Sea and sky photographs by Gustave Le Grey
Le Gray was born in 1820 near Paris and trained there as a painter. Around 1847 he took up photography. Even before making the marine images, he became one of the most renowned pioneers of the new art. His architectural, landscape and portrait photographs, his writings, teaching and inventions were all highly influential.
However, in 1860, despite his success, he became bankrupt. Abruptly he abandoned his business and his family and left Paris for Italy. He finally settled in Egypt to become a drawing instructor, though he continued to take photographs, and died there in 1882.
The Great Wave, the most dramatic of his seascapes, combines Le Gray’s technical mastery with expressive grandeur.
He took the view on the Mediterranean coast near Montpellier. At the horizon, the clouds are cut off where they meet the sea. This indicates the join between two separate negatives.
The combination of two negatives allowed Le Gray to achieve tonal balance between sea and sky on the final print. It gives a more truthful sense of how the eye, rather than the camera, perceives nature.
When first shown, the luminous, shimmering effects amid Le Gray’s otherwise dark seascapes were often mistaken for moonlight. It is easy to see why this misconception arose, in these monochrome images where darkness encroaches towards the edges of the scene.
In fact, he achieved the moonlight effect by pointing the camera in the direction of the sun during daylight. Absent from the scene in Solar Effect in the Clouds – Ocean are the boats, heavy waves or any sign of humanity.
The viewer is left in confrontation with the sea and potentially threatening clouds.
The Brig was Le Gray’s first exhibited seascape and his most highly praised. Its appeal derives largely from the poignancy of the little ship seen alone against an immensity of sea and sky.
In the 1850s and 1860s this was probably the most famous photographic image in Europe. It may also be the first example of a photograph conceived as fine art to achieve both commercial success and critical admiration. The London photographic dealers Murray & Heath reported 800 prints being ordered within the first two months of it being offered for sale. To facilitate printing of such numbers, copy negatives of the original image were made.
The seascapes were, and are still, Le Gray’s greatest public, commercial and aesthetic success. He took them in France. Shown here are selections from a first set taken in Normandy in the summer of 1856 and a second set from the Mediterranean coast in spring 1857.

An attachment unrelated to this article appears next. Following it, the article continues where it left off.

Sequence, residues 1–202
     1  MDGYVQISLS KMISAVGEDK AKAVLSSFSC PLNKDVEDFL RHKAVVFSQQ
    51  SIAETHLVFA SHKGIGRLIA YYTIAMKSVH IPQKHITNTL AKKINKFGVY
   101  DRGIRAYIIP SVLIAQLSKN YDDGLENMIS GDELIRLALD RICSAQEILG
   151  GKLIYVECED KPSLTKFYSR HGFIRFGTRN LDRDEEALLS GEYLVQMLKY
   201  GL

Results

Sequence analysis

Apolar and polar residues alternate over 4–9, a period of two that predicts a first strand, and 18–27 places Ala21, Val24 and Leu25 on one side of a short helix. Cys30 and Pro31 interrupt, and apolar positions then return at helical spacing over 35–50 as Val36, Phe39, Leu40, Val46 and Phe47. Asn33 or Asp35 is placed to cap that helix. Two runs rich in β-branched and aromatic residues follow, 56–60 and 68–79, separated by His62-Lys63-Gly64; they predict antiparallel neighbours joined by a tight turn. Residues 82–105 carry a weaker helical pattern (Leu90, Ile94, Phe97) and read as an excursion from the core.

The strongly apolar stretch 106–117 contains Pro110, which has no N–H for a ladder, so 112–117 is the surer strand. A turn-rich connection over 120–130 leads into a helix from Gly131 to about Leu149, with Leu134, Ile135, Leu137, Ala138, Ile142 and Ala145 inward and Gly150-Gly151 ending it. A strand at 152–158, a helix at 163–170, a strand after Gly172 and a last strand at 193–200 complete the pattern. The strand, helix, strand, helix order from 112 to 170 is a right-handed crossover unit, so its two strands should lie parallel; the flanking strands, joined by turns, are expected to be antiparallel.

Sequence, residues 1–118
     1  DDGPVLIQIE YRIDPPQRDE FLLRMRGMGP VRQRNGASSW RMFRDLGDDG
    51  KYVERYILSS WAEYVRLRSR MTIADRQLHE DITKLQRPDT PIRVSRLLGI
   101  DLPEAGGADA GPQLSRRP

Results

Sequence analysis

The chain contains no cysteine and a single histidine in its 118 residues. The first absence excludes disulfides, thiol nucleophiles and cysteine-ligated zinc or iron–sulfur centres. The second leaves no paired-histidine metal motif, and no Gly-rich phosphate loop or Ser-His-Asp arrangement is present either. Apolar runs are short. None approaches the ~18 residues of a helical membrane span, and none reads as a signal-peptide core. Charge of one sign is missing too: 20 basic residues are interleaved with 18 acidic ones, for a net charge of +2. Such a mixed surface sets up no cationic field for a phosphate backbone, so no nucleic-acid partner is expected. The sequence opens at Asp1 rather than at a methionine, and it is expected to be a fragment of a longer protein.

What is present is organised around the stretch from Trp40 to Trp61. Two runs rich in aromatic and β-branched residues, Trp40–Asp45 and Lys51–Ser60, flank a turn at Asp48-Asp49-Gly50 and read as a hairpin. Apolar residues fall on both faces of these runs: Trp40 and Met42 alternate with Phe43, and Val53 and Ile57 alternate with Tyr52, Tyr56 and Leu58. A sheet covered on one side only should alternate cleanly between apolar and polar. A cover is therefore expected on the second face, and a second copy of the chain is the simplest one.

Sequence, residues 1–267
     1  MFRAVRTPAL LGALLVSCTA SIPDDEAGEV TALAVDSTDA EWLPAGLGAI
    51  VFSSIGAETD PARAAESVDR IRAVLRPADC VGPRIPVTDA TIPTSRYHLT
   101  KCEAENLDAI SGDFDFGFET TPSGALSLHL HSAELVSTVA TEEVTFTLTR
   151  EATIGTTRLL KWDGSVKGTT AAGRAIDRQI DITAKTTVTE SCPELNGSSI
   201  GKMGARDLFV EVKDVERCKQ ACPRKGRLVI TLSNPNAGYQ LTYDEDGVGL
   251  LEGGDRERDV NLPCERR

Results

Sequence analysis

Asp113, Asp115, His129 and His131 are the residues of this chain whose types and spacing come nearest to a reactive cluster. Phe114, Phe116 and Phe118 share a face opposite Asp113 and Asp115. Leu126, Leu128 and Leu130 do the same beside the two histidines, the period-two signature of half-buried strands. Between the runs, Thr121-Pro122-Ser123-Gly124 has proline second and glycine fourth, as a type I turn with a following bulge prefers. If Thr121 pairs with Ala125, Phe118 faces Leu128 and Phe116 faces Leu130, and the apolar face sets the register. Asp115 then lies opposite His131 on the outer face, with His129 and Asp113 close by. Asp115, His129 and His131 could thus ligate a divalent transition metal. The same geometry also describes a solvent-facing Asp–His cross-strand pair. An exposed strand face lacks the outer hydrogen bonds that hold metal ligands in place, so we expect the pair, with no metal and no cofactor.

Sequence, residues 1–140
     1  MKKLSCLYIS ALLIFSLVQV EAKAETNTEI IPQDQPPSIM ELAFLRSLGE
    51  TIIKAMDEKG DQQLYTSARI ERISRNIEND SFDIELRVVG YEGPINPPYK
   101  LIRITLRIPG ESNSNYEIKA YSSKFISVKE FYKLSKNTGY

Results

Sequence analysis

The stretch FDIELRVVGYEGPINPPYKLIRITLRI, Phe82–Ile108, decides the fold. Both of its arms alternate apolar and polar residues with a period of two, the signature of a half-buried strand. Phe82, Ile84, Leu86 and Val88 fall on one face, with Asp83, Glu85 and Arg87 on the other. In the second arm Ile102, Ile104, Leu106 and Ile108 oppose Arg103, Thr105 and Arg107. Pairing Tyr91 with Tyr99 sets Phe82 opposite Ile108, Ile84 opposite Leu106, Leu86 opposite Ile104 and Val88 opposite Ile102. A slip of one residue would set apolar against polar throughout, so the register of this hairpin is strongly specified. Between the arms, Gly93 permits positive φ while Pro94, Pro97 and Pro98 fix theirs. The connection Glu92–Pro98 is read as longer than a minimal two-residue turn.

Shortly afterwards they were exhibited in London and Paris, to a rapturous response. One reviewer for the Journal of the Photographic Society (21 February 1857) wrote:
'We stop with astonishment before M. Le Gray’s "Sea and Sky", the most successful seizure of water and cloud yet attempted. The effect is the simplest conceivable. There is a plain, unbroken prairie of open sea, lined and rippled with myriad smiling trails of minute undulations, dark and sombrous and profoundly calm, over the dead below – smooth as a tombstone.'
It was not only their beauty that attracted high praise but also Le Gray’s technical mastery in capturing apparently instantaneous views. To arrest breaking waves was an impressive accomplishment at a period when exposures required many seconds rather than split seconds.
Most photographers found it impossible to achieve proper exposure for both landscape and sky in a single picture. This usually meant sacrificing the sky, which was then over-exposed. Le Gray’s innovation was to print some of the seascapes from two separate negatives – one exposed for the sea, the other for the sky – on a single sheet of paper.
Le Gray’s glass negatives were the same size as his photographs – about 32 x 42 cm (12 ½ x 16 ½ ins). He placed the negative directly on top of the photographic paper and printed in sunlight. The prints were then toned in a solution of gold chloride in hydrochloric acid. This resulted in a rich, violet-purple colour, with the added benefit of stabilising the images to help them withstand fading over time.
Most of the V&A’s fine group of Le Gray seascapes came to the Museum in 1868 as part of the bequest of the millionaire art collector Chauncy Hare Townshend. He had kept them in portfolios along with his watercolours, etchings and engravings. They have therefore remained in excellent condition, preserved to museum standards almost since they were made.
Three other seascapes arrived at the V&A in 2000 as part of a transfer of photographs from the British Museum where they were acquired in 1857. All of the prints have therefore remained in excellent condition, preserved to museum standards almost since they were made.